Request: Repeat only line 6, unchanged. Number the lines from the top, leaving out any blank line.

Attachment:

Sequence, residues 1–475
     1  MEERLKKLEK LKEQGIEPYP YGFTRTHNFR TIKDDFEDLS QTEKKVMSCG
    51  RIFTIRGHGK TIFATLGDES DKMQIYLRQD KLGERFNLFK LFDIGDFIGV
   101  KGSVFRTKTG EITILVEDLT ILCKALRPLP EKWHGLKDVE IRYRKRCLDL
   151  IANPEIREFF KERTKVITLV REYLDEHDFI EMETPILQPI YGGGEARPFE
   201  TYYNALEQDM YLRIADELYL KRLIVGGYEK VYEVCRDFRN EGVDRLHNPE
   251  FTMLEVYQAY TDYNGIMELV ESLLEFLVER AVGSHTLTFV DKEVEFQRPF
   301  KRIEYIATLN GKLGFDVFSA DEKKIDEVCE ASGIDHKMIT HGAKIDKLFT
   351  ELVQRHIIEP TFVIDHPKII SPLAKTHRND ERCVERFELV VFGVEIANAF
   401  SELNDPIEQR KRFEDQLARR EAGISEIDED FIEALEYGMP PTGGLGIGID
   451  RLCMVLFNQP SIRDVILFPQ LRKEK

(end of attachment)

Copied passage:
   201  TYYNALEQDM YLRIADELYL KRLIVGGYEK VYEVCRDFRN EGVDRLHNPE